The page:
BofA says a key driver of this late-year gold trend has been increased jewelry demand for the Christmas buying season. We agree wholeheartedly, as the gift giving season around Christmas drives many consumers to purchase gold jewelry for their loved ones. And despite consumer sentiment remaining near a record low, the National Retail Federation anticipates holiday sales rising a modest 2.8 percent this November and December.
In India and China, people are especially amorous of the metal and buy gold out of love. It is customary in most developing countries to give gold as a gift to friends and relatives for birthdays, weddings and to celebrate religious holidays. And this time of year, gift giving in the form of gold is especially strong in India. Indians recently celebrated Diwali, which spurs gold buying during a five-day celebration of good over evil, light over darkness, and knowledge over ignorance (Read the Frank Talk post on Diwali). Diwali is followed by the main Indian wedding season where many Indians will be buying golden gifts for the bride and the groom. In China, 2012 is the "Year of the Dragon" and retailers expect to sell gifts in the form of gold dragon jewelry, pendants, statues and coins.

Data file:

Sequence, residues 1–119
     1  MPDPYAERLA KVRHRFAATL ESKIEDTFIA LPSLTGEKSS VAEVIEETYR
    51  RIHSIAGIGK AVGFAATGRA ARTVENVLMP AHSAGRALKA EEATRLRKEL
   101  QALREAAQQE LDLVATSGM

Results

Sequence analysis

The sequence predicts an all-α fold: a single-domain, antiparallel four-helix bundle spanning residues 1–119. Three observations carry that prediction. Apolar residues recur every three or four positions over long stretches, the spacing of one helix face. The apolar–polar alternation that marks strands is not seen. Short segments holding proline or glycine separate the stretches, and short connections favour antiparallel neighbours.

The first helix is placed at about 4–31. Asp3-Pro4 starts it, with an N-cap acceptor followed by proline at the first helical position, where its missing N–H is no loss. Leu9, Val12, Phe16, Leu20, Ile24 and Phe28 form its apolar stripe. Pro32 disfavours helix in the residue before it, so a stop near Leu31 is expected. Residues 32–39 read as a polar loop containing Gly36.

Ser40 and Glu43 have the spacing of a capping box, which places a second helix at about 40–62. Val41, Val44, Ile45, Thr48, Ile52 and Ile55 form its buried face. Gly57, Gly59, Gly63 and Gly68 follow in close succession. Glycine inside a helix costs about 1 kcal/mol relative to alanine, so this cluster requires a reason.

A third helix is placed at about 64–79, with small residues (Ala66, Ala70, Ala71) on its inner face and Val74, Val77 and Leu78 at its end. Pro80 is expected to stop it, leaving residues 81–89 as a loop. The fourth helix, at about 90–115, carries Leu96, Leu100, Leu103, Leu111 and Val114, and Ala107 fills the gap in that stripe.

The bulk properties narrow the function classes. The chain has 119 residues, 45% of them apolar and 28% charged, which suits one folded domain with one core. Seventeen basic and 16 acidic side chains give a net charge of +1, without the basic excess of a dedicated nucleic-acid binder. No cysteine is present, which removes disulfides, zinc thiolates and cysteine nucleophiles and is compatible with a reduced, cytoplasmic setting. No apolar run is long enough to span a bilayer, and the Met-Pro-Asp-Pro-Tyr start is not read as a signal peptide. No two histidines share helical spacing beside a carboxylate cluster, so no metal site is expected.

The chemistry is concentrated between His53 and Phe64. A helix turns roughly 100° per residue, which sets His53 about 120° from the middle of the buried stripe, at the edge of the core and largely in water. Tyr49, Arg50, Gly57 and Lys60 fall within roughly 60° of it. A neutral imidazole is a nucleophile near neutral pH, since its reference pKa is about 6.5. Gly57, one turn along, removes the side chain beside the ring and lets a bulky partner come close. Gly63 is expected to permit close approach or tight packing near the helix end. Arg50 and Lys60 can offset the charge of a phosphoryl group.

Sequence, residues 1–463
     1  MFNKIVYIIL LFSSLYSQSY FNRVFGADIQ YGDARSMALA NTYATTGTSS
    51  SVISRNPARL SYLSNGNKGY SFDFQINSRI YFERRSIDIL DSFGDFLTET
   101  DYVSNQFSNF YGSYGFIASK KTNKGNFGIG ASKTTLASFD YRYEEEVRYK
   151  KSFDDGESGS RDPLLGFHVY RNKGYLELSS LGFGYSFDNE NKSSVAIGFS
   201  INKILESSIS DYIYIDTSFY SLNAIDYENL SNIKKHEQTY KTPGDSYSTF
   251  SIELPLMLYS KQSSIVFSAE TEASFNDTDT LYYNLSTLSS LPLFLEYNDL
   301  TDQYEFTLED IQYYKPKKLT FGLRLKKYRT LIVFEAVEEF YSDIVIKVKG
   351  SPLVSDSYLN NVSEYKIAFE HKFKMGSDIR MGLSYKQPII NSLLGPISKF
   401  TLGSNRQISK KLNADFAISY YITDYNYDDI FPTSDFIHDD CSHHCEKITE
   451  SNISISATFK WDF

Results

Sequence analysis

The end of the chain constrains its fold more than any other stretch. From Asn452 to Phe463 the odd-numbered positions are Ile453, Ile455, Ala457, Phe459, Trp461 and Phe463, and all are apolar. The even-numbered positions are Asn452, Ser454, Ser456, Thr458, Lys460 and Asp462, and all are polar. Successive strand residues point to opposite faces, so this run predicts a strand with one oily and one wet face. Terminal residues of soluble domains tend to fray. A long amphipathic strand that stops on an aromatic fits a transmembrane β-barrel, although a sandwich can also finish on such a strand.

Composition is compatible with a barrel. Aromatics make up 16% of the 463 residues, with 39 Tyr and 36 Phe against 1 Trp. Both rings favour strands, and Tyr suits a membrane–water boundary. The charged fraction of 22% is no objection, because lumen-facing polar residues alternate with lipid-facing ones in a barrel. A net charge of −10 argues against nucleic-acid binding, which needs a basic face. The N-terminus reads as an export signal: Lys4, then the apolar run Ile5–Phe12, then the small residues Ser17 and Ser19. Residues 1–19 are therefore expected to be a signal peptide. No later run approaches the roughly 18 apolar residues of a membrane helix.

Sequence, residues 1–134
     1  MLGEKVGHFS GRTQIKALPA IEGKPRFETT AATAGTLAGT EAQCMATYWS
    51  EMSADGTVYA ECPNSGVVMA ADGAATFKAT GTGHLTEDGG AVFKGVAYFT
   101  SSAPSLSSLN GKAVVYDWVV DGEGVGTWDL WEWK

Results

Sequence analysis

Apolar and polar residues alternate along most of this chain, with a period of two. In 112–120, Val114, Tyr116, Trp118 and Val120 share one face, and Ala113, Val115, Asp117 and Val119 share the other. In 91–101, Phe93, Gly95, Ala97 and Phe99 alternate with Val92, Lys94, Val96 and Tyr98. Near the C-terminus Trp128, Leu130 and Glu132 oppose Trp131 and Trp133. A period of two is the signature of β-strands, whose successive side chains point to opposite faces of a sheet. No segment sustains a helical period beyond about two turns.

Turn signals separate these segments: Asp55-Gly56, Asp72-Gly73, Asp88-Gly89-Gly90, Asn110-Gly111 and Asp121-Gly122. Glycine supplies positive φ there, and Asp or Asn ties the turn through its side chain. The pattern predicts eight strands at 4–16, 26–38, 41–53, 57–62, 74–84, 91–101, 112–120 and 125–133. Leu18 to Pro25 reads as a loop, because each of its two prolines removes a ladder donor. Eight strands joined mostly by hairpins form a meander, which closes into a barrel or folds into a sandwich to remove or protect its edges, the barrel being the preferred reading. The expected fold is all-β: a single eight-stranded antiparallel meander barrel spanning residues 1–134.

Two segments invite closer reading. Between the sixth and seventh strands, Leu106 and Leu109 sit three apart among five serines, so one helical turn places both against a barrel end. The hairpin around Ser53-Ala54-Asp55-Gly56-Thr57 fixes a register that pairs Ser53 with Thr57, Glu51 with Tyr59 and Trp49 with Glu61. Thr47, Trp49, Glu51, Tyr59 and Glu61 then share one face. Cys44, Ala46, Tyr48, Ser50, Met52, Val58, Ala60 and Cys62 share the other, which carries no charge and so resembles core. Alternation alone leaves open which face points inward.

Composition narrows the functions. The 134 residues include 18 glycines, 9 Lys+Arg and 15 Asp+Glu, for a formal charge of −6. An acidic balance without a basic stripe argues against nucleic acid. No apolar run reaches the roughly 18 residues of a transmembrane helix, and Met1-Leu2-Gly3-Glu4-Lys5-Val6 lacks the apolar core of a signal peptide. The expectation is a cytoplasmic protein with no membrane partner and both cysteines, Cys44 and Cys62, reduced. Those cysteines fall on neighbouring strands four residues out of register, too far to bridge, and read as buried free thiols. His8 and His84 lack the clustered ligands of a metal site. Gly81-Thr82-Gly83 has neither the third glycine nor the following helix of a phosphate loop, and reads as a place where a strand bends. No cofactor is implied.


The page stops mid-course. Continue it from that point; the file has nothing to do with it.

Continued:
Gold investors should remember that volatility swings both ways. If you look at 10 years of data, gold bullion has had 10 percent price swings about 7 percent of the time. These ten percent swings are more common for gold equities, as the NYSE Arca Gold BUGS Index has had 10 percent swings over 20 trading days about a third of the time.
With three drivers--1) negative real interest rates propelling investors to seek gold for it's perceived "safe haven" qualities, 2) the Love Trade in full bloom, and 3) central banks increasing their holdings in the yellow metal--happening over the next two months, gold is one commodity that could benefit.